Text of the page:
Reuters (9/3, Pittman) reported that according to a study in the American Journal of Clinical Nutrition, people with the highest daily folate intake had a 30% less risk of colorectal cancer than those with lower intakes. Todd Gibson of the National Cancer Institute, however, was quoted as saying that folate’s effect is “definitely still an open question.” Reuters noted the study does not show any harm in taking more folate than the daily recommended amount, which had been a previous concern.
MedPage Today (8/27, Fiore) reported a letter in The Lancet suggesting that “the data ‘mandate’ that clinicians warn patients having Roux-en-Y gastric bypass surgery that they could experience ‘a major difference in their capacity to handle alcohol after their surgery.'” The effect may be due to “alcohol-producing bacteria that accumulate in the bypassed duodenal-jejunal loop” that ferment carbohydrates. MedPage Today also explained that sugary foods eaten after the bypass can also be harmful to the patient, resulting on “dumping syndrome.” MedPage Today noted that while “most bariatric surgeons said they do warn patients that their tolerance for alcohol will change,” some “aren’t sufficiently educating patients.”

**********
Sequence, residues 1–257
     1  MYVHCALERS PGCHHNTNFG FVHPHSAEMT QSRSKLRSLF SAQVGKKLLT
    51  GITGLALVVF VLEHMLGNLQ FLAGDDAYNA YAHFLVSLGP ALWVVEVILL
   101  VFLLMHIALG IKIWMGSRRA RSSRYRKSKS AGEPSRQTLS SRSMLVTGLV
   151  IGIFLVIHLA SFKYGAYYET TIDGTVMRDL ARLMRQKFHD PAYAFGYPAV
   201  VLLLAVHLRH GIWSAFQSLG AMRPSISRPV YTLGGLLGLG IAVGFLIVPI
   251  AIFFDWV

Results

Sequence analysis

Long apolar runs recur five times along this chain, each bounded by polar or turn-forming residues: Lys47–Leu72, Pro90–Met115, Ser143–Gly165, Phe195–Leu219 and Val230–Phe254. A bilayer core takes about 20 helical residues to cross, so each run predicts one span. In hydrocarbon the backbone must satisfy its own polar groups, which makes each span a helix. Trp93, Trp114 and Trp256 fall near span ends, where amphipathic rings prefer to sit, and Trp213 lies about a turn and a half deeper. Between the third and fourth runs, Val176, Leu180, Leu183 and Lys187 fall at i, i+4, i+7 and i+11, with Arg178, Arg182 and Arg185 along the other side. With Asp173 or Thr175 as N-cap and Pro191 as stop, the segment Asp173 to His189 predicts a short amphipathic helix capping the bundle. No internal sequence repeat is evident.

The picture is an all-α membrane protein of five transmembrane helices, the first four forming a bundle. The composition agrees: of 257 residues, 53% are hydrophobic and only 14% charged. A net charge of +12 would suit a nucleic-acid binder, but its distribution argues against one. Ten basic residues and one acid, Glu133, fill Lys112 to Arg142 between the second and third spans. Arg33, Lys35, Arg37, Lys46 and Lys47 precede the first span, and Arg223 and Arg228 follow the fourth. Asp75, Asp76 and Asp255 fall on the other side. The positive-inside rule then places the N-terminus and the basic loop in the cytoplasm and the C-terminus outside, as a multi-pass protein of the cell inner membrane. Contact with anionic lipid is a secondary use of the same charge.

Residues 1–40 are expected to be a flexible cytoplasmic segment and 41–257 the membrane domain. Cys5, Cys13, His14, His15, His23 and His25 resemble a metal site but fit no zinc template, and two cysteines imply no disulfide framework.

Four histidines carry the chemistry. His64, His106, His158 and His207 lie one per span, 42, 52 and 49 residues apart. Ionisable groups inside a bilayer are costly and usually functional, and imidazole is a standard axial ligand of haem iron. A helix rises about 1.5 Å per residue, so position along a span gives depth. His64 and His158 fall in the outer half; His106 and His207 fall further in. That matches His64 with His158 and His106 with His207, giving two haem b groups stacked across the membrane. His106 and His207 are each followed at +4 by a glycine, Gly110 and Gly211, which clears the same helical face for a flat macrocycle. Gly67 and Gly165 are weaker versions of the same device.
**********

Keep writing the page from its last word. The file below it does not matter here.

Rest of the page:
HealthDay (8/20, Thompson) reported, “Complaints of celiac disease are on the rise in the United States,” with “one in every 133 US residents” believed to be affected by the disease, although “adults with celiac disease often don’t suffer the digestive symptoms associated with gluten intolerance.” This “increased incidence rate has left researchers scrambling to figure out why more people are developing the chronic digestive disorder.” Some researchers hypothesize that increased sanitation and hygiene could be making immune systems more sensitive or changing the bacteria in our gut. Others attribute the rise to more gluten in grains today, earlier exposure to gluten, and fewer women breast feeding.